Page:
For awhile I thought Jane Austen was the only British author with any repute in the world of book to film adaptations. The Brontë sisters have certainly received their due in the past with prior filmic renderings of both Jane Eyre and Wuthering Heights, but never with the same degree of exactitude as Austen-inspired gems like 2005's Pride and Prejudice. In Cary Fukunaga's (of Sin Nombre fame) sinister depiction of Charlotte Brontë's seminal novel, Mia Wasikowska plays the role of Jane Eyre to the perfect pitch of martyrdom and self-righteousness.
Considering the liberality with which both genders act in the twenty-first century, the struggle in watching Jane Eyre is derived from the frustration of observing how much restraint the title character puts on her emotions, as well as having a moral compass that is determinately non-existent in the current epoch. Michael Fassbender (the dishy German officer who incorrectly holds up three fingers in Inglourious Basterds) embodies the inhibited, yet brazen nature of Edward Rochester, the wealthy owner of a country estate where Jane goes to act as governess to a young French orphan named Adele.
As it becomes clearer that Rochester is smitten with the intelligence and unlikely perspicuity of Jane, he especially cannot deny his attraction to her when she saves him from a fire (set by a mysterious presence in the house), after which she tries to maintain her air of detachment--a move that Rochester will not stand for as he implores of her, "You saved my life. Do not treat me as a stranger."
For anyone who has read the novel (and perhaps it is presumptuous to assume that it is common reading material at this juncture), you already know that the "mysterious presence" responsible for setting the fire is Rochester's wife, a woman driven to madness and whom Rochester keeps locked away in his own home rather than condemning her to the fate of a nineteenth century mental institution. This, of course, is a fact that reveals itself to Jane before she is married to Rochester, tinging her emotions for him with resentment. Although Rochester begs her to stay, to ignore the existence of his husk of a wife, Jane's intense sense of morality sends her on a journey to an outlying town where she strikes up a relationship with a minister called Saint John Rivers (the oh so promising Jamie Bell).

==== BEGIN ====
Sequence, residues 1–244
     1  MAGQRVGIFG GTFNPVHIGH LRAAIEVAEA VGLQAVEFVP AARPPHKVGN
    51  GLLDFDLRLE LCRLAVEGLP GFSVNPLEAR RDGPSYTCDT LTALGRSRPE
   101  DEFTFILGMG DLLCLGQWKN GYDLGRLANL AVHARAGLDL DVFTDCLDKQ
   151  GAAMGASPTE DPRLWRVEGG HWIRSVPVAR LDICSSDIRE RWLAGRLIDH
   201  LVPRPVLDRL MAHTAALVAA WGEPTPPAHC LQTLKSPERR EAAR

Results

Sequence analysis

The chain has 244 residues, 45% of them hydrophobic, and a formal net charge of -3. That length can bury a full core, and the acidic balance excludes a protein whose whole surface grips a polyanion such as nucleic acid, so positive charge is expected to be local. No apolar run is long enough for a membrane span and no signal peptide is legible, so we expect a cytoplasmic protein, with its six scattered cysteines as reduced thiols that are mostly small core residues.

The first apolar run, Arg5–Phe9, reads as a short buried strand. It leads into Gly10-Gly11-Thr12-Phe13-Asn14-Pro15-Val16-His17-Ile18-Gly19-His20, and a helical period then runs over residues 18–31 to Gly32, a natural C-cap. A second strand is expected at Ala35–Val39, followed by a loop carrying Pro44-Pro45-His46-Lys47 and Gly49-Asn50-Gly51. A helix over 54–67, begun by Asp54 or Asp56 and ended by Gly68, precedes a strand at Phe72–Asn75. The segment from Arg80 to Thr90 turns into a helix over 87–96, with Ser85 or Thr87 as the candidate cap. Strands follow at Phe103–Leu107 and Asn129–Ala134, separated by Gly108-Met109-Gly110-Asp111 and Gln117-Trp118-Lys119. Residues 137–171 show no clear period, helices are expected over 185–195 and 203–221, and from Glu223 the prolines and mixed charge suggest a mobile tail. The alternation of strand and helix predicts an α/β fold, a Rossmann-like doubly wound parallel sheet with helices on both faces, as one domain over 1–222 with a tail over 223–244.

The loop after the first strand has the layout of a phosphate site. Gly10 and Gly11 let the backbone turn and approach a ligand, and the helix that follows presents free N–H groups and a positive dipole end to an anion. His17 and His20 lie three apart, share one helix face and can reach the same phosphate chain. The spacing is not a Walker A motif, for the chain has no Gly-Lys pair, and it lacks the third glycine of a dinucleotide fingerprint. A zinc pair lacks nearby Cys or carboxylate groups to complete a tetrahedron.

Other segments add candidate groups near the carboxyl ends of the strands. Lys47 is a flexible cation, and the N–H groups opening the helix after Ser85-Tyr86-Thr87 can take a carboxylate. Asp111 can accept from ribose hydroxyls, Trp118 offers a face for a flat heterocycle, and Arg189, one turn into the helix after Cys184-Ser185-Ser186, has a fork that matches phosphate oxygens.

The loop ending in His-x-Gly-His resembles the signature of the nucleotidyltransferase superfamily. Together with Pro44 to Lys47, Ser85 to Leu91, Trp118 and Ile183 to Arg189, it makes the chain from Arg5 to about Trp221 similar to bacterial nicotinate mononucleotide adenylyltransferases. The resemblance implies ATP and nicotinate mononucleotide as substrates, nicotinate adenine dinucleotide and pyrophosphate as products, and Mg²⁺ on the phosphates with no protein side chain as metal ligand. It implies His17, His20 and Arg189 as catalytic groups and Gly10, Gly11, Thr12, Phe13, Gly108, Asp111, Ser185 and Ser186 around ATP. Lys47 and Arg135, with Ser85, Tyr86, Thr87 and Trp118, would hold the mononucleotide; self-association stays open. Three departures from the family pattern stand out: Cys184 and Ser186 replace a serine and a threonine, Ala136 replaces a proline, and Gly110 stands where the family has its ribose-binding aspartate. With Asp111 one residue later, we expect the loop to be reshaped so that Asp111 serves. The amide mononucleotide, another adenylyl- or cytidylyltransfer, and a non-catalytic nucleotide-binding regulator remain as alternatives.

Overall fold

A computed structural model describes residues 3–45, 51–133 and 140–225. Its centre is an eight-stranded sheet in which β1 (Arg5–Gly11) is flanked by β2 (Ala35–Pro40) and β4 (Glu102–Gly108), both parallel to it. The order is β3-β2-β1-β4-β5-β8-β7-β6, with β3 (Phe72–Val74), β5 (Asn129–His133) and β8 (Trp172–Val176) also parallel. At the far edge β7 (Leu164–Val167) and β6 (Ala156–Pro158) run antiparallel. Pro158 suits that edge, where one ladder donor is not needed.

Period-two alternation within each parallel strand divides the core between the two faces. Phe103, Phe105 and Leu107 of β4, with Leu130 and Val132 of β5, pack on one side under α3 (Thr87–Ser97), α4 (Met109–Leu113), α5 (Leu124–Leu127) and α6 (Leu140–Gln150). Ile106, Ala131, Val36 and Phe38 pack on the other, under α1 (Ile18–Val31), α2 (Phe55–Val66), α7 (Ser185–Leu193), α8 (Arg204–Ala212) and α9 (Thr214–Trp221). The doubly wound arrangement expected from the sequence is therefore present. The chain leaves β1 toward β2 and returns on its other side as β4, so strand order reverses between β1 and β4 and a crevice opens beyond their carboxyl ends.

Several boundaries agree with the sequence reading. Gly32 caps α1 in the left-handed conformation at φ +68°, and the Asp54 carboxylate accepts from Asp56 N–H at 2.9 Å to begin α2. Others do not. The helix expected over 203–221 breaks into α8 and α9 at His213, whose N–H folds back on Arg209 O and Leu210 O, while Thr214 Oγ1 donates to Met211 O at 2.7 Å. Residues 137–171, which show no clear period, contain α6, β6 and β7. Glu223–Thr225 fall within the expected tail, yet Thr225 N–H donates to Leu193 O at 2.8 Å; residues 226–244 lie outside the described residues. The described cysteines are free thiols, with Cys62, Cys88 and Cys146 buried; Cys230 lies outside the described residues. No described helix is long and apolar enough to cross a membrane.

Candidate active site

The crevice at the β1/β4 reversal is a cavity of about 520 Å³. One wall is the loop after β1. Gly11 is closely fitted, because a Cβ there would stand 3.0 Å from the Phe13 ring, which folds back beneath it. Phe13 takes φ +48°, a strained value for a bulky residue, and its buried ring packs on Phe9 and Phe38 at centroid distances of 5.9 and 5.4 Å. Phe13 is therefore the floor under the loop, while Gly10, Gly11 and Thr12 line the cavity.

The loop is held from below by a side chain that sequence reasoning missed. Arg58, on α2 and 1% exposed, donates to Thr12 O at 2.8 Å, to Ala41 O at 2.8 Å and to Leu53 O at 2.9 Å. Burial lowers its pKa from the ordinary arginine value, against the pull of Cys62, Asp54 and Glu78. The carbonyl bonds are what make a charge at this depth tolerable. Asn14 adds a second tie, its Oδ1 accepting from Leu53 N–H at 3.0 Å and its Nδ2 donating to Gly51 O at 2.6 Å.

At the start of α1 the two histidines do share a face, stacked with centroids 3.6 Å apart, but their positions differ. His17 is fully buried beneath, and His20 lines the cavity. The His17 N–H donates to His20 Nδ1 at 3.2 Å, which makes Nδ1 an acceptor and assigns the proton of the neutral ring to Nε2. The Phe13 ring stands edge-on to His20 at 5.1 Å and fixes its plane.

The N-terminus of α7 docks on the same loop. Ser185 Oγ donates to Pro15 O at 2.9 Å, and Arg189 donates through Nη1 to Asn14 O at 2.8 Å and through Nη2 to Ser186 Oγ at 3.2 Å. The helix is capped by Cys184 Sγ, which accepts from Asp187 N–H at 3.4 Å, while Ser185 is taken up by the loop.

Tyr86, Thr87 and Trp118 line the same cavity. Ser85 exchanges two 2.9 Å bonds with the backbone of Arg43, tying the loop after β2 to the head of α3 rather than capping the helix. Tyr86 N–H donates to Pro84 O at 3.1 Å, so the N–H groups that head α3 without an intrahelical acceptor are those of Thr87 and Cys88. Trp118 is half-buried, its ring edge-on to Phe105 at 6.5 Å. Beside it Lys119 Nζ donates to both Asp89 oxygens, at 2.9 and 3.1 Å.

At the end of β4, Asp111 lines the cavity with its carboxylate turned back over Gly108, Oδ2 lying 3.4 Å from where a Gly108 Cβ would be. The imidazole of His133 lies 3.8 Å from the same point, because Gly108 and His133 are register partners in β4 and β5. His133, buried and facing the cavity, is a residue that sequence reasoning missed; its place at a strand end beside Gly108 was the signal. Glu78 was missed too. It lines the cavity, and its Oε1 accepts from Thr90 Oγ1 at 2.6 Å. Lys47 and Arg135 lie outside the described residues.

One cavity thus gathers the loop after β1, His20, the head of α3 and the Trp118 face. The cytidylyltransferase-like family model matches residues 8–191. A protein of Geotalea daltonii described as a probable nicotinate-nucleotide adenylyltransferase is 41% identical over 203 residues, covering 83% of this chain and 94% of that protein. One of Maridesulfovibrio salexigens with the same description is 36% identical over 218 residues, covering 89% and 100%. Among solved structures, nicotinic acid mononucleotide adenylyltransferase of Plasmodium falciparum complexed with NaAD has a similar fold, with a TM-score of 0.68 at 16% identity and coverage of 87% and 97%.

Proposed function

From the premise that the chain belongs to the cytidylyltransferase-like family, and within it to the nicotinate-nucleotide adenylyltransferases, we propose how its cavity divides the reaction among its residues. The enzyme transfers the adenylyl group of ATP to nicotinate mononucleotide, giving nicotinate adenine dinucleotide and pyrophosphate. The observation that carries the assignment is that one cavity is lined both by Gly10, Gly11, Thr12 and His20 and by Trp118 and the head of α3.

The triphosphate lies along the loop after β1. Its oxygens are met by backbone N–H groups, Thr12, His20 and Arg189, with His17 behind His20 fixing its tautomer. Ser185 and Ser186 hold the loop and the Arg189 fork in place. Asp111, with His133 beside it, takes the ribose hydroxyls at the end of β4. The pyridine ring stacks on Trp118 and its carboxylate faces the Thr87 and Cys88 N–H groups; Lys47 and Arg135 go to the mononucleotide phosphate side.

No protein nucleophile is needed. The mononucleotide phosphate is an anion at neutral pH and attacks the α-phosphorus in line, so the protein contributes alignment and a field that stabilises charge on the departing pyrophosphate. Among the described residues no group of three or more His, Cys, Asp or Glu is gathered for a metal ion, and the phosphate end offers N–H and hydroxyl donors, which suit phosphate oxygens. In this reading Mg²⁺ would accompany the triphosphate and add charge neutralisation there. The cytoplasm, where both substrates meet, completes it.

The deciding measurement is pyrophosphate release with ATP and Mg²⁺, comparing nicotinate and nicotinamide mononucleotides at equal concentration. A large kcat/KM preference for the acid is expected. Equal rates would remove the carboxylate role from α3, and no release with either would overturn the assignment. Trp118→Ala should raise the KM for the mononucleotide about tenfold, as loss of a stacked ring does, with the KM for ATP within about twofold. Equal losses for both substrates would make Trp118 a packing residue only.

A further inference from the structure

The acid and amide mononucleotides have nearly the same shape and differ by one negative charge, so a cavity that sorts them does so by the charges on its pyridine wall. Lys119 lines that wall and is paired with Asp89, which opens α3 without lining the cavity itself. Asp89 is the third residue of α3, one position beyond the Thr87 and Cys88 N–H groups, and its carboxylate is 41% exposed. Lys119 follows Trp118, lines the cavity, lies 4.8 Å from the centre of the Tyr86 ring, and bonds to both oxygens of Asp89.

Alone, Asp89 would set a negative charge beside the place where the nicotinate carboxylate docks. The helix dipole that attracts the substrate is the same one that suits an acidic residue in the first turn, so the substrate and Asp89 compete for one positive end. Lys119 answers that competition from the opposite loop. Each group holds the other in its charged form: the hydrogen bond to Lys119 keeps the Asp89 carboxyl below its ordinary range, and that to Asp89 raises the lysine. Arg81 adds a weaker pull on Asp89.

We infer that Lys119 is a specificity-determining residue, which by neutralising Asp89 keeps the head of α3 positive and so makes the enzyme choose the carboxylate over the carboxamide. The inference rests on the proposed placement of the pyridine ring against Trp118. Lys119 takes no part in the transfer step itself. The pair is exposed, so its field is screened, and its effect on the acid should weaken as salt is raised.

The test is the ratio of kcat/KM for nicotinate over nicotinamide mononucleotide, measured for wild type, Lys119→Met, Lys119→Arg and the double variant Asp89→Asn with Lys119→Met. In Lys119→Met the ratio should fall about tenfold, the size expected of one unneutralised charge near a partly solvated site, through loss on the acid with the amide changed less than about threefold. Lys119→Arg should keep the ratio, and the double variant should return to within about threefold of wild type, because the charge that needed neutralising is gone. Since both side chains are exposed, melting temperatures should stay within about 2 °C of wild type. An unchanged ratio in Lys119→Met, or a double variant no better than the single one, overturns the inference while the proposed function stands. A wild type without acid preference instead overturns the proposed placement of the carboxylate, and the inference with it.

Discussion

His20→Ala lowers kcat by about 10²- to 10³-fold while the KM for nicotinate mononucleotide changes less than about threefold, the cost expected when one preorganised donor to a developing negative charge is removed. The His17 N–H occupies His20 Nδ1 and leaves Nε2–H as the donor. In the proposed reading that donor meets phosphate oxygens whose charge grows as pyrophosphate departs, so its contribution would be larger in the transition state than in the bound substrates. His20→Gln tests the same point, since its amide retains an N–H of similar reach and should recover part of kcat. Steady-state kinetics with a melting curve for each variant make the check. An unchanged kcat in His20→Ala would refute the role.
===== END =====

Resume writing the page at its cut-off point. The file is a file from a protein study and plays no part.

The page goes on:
For those who are unfamiliar with the novel, it would seem that Jane's departure will result in Rochester's mental undoing. But, surprisingly, Brontë spares her reader from a tragic ending, which I guess is only surprising considering the cruel fate of Heathcliff in Wuthering Heights (Emily was obviously the more pessimistic of the literarily inclined sisters). This makes things much easier for screenwriter Moira Buffini to appease viewers once they learn that Rochester has been blinded in a fire (because Jane wasn't there to prevent the aftermath of his wife's pyromaniacal ways) since, invariably, Jane cannot resist the pull she feels toward Rochester, ultimately returning to him. And now, being that his wife jumped off the roof during the fire, there is no issue with upholding virtuosity any longer.
Another perk of Jane Eyre's most recent film representation is the presence of Dame Judi Dench (just as Gerard Depardieu must be in all French movies, so, too, must Dench be in all British movies). Her performance as Mrs. Fairfax is one of the more humorous aspects of an otherwise darkly tinctured love story. Filmgoers will be content in knowing, however, that despite Rochester's blindness, he recognizes Jane's face almost instantly, taking her in his arms and uttering, "I feel as though I'm in a dream." Jane, ever the queen of quips, replies, "Then awaken."